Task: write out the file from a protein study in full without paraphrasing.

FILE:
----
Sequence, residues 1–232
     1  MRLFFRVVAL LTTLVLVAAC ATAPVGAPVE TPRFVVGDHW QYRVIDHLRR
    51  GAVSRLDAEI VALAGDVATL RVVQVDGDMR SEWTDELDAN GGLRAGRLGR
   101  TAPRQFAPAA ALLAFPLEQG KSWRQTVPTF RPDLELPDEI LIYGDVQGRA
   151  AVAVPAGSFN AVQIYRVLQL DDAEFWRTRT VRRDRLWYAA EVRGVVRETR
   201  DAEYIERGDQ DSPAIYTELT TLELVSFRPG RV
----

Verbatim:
Sequence, residues 1–232
     1  MRLFFRVVAL LTTLVLVAAC ATAPVGAPVE TPRFVVGDHW QYRVIDHLRR
    51  GAVSRLDAEI VALAGDVATL RVVQVDGDMR SEWTDELDAN GGLRAGRLGR
   101  TAPRQFAPAA ALLAFPLEQG KSWRQTVPTF RPDLELPDEI LIYGDVQGRA
   151  AVAVPAGSFN AVQIYRVLQL DDAEFWRTRT VRRDRLWYAA EVRGVVRETR
   201  DAEYIERGDQ DSPAIYTELT TLELVSFRPG RV